Now that the campaigning and all the horse manure that goes with it has slowed to a crawl, it is time to get back to more important things, such as gardening, home repair, yard sales, fund raising, etc.
Speaking of gardening, I have seen some nice looking gardens already, but there seem to be fewer and fewer each year. All the people who are ambitious enough to attempt to fool with gardening are dying off , namely the older generation, and that includes me.
The younger generation couldn’t care less about the fine art of gardening, but what if they couldn’t run to the supermarket and purchase what they needed? What would they do then?
Prices continue to climb, climb, and climb. I don’t see any relief in sight, either. For instance, a potato the size of a large egg will produce enough potato chips to cost the consumer around 69 cents. Where does the profit go on just one potato? It sure doesn’t all go to the stores, but I guess we could call it processing and handling charges, or something to that effect.
Even hardware and dry goods are set up in the same way, such as the specials we see on TV. If a special is $19.95 plus shipping and handling, that $19.95 special will cost the consumer around $27 by the time they get it. And if you don’t believe me, try it and see.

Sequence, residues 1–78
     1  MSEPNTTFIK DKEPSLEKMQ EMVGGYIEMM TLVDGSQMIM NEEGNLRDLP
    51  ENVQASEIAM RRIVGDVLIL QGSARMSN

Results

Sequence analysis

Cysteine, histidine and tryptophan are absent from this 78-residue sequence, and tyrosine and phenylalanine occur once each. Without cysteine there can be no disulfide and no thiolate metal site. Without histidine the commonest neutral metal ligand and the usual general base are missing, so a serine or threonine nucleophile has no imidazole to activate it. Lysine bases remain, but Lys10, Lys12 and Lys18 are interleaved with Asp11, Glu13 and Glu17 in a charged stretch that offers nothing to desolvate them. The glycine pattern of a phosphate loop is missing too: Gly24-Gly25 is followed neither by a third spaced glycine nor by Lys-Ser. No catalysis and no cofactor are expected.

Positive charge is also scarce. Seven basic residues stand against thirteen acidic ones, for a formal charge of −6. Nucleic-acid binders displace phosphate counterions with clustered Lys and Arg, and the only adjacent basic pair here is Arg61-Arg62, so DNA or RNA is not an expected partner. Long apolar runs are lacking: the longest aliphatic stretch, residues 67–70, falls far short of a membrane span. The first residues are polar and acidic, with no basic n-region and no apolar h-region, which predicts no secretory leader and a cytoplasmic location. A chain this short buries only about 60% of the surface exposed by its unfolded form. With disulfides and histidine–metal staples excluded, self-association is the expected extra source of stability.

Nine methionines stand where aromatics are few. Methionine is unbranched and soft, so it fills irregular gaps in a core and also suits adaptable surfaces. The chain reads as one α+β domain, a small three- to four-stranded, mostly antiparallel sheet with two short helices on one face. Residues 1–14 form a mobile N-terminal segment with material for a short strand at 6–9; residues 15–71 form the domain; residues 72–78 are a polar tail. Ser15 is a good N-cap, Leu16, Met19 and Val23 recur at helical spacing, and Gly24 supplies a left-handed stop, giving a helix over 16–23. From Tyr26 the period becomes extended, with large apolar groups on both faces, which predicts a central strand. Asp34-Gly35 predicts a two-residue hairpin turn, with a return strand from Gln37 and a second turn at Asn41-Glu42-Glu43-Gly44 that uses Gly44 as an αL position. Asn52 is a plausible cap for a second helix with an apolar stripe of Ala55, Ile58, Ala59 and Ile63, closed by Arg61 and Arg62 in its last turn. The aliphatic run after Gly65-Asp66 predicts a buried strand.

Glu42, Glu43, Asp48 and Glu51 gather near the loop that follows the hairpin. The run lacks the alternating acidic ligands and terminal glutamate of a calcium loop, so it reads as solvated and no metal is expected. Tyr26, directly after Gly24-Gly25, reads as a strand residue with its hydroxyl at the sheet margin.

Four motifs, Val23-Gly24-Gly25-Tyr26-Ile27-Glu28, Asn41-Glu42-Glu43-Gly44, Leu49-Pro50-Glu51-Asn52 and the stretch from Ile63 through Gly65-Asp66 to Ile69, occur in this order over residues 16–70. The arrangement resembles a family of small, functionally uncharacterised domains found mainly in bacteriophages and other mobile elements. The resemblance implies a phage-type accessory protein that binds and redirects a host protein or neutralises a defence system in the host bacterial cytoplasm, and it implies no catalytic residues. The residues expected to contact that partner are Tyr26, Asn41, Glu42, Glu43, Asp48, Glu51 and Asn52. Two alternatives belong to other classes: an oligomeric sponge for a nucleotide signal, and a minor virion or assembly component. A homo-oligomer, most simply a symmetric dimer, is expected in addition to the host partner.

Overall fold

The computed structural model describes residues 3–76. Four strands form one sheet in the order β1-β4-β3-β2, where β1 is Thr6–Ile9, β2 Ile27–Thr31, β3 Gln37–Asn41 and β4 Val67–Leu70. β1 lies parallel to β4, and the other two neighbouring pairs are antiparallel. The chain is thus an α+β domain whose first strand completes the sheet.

A lady who lives just a few hoe handles down the road from us gave me a book concentrating on what I like to write about, ‘the good old days.’ The book is not as old as I am, it was published in 1953, but it has a lot of good memories inside of its cover.
I haven’t gotten too deep into the book yet because, thanks to Uncle Sam, I can only read for 15 or 20 minutes at a time until everything runs together and I see two of everything, which brings on an awful headache. I am only able to drive for short distances also. I love to read, but must do it at my own pace. I love to write about times of the past, realizing also that the past I write about can never be again. But still, I have my memories, which nobody can take from me.
I can never be young again, either, and be able to get about as I once did, but I still get around with my trusty steed, which is a cane I dubbed ‘Big Foot’ because it has a good-sized base and doesn’t sink into soft soil too badly when I put a lot of weight on it.
I, like a million others, carry far too much weight. It is easy to put it on, but getting it off is a horse of a diff erent color. Since I have been a diabetic, I seem to lose three pounds and then put four back on.
Well, that’s all from the funny farm until next time.